Campbell Clark (The Globe and Mail): "The federal government wants provinces to put a price on carbon, either through a carbon tax or a cap-and-trade system. … The premiers want something, too: money. Most provinces have high debt, and fear aging populations will mean rising costs in social programs and health care. They're clamouring for Ottawa to provide bigger-than-planned increases in health transfers. In other words, the premiers can probably be bought off. Put that way, of course, it sounds cynical. But it's been a formula for federal-provincial dealmaking for decades."
Bruce Johnstone (Regina Leader-Post): "The current peeing match between [Saskatchewan] Premier Brad Wall and the Trudeau government (with David Suzuki joining in for good measure) over carbon pricing is entirely predictable, largely political and completely overblown."
Calgary Herald editorial board: "Then there's the way the [Alberta] NDP has structured its carbon tax. British Columbia's version is revenue neutral, meaning the costs associated with the tax have been offset by tax cuts in other areas. This means B.C. residents are still motivated to reduce their carbon footprint, but they aren't shelling out billions of dollars in extra taxes to the government. If the NDP had pursued such an approach, it probably wouldn't face as much criticism from Albertans who rightly question the soundness of its plan."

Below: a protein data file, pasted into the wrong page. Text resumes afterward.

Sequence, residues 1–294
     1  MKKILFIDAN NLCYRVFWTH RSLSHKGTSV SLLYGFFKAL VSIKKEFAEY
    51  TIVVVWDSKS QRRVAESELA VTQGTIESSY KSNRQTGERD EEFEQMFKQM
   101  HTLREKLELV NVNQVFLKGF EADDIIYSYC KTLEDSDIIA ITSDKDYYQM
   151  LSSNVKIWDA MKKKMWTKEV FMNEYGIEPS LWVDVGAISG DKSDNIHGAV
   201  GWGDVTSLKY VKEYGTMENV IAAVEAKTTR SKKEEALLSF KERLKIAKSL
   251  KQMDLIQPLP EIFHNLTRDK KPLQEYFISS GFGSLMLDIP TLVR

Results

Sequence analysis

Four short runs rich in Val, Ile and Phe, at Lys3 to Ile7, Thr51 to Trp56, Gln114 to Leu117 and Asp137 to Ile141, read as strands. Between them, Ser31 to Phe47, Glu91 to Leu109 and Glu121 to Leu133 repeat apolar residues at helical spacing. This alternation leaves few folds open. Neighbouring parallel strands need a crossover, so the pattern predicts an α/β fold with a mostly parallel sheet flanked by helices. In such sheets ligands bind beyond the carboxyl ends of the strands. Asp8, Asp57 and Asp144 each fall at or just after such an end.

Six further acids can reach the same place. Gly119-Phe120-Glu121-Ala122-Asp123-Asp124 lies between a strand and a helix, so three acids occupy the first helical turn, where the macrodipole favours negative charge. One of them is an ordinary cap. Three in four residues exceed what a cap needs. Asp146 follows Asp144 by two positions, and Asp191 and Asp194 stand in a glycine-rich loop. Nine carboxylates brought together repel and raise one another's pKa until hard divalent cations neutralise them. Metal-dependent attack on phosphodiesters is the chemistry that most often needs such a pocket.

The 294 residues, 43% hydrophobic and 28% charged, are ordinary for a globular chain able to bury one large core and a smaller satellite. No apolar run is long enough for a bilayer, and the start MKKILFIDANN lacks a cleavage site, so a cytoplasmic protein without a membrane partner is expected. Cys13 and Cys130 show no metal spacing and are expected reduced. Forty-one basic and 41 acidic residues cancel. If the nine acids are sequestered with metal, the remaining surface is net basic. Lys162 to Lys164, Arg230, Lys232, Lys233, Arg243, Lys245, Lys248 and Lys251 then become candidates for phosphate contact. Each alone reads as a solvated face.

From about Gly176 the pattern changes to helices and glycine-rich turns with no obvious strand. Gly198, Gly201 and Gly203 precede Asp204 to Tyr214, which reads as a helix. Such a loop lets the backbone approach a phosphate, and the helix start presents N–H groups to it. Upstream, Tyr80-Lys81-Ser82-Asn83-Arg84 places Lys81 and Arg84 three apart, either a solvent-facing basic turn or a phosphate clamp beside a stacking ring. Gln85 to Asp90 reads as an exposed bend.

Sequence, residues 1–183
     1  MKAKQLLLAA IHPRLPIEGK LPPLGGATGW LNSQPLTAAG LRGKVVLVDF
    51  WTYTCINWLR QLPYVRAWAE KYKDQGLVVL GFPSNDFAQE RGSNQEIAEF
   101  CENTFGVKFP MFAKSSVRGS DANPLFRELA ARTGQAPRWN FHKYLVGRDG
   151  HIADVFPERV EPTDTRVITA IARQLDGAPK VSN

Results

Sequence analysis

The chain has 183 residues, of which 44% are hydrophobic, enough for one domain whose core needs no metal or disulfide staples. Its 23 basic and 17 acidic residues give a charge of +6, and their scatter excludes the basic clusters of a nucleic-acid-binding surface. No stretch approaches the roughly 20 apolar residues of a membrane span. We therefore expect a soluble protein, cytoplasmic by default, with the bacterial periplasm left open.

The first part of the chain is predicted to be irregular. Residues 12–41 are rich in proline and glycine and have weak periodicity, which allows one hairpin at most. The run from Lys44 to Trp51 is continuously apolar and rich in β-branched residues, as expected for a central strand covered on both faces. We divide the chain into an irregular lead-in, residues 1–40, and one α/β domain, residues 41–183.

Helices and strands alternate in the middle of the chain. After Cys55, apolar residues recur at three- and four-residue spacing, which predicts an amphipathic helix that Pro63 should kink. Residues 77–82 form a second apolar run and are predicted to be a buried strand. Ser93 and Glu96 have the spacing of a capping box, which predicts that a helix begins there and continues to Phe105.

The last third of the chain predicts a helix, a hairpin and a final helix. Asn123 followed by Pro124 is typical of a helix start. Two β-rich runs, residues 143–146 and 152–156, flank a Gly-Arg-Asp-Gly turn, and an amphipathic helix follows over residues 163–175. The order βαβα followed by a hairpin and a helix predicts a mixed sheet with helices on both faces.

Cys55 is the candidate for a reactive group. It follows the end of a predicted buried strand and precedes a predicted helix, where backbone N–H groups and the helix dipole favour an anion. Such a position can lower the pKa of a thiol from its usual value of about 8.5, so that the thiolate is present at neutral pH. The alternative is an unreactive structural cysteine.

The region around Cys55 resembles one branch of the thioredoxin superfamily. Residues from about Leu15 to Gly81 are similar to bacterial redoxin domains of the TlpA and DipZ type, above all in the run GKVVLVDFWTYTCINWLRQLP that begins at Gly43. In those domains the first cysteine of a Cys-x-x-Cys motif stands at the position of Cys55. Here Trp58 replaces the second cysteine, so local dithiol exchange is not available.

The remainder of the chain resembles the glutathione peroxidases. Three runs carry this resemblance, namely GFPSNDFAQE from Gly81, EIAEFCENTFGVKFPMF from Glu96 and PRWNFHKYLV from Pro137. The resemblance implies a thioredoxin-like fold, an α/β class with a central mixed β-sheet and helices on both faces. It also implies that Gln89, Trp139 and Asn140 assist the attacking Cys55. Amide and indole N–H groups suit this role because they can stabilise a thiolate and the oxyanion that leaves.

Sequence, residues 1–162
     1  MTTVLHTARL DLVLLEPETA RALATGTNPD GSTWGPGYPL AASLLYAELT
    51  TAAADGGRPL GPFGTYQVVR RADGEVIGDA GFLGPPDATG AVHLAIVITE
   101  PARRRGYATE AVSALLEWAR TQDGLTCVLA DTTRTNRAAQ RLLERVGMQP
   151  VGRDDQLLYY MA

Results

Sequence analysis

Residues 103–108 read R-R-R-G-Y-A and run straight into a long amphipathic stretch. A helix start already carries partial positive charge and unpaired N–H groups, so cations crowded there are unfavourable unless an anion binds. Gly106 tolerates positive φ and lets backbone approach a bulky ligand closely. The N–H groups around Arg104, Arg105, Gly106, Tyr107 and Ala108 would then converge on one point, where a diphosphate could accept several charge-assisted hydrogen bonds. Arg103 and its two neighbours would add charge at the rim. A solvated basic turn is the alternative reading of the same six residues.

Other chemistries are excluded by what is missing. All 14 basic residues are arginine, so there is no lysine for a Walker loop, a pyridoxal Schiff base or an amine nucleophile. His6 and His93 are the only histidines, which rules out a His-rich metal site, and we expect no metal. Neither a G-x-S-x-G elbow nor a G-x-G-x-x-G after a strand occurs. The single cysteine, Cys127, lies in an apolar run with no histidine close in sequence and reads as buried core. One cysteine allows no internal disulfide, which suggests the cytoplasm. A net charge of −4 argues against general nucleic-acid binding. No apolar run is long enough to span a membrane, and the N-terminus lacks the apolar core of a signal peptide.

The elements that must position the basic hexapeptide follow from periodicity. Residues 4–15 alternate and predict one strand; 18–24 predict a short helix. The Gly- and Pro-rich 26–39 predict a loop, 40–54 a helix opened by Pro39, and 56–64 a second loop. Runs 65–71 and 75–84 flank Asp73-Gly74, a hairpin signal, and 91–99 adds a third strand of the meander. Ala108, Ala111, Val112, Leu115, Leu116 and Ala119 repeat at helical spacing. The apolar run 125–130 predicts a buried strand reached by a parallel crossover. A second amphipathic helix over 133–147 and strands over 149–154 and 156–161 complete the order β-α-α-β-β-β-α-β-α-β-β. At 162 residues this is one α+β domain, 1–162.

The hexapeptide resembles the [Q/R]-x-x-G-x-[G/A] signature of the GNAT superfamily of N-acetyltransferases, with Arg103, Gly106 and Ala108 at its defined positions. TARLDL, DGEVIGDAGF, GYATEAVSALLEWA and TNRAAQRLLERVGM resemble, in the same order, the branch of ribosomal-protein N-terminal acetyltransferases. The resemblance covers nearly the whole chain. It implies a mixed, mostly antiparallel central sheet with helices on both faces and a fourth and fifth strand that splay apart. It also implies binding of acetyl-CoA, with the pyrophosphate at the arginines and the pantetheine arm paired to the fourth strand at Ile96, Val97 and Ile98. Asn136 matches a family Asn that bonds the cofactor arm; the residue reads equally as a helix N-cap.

Sen. André Pratte (The Globe and Mail): "Canada does not need yet another institution fostering regional tensions. Powerful provincial governments already promote local needs. So do, from time to time, individual MPs and senators, and numerous other lobbies. The Senate as a whole should work to reconcile the interest of the different regions, for the good of the country as a whole."
Charles Burton (The Globe and Mail): "Canada's Charter of Rights and Freedoms remains in force even for Chinese citizens living in Canada with huge unexplained wealth. So when it dawns on the Chinese authorities that none of the people they so desperately want back will be dispatched by us to Beijing in shackles, watch for considerably more illegal Chinese state security agents operating in Canada to get these people back home through coercion and deception. And say goodbye to the 'building friendship and mutual trust' that the Chinese put so much stock in in their reset relations with Mr. Trudeau and his government."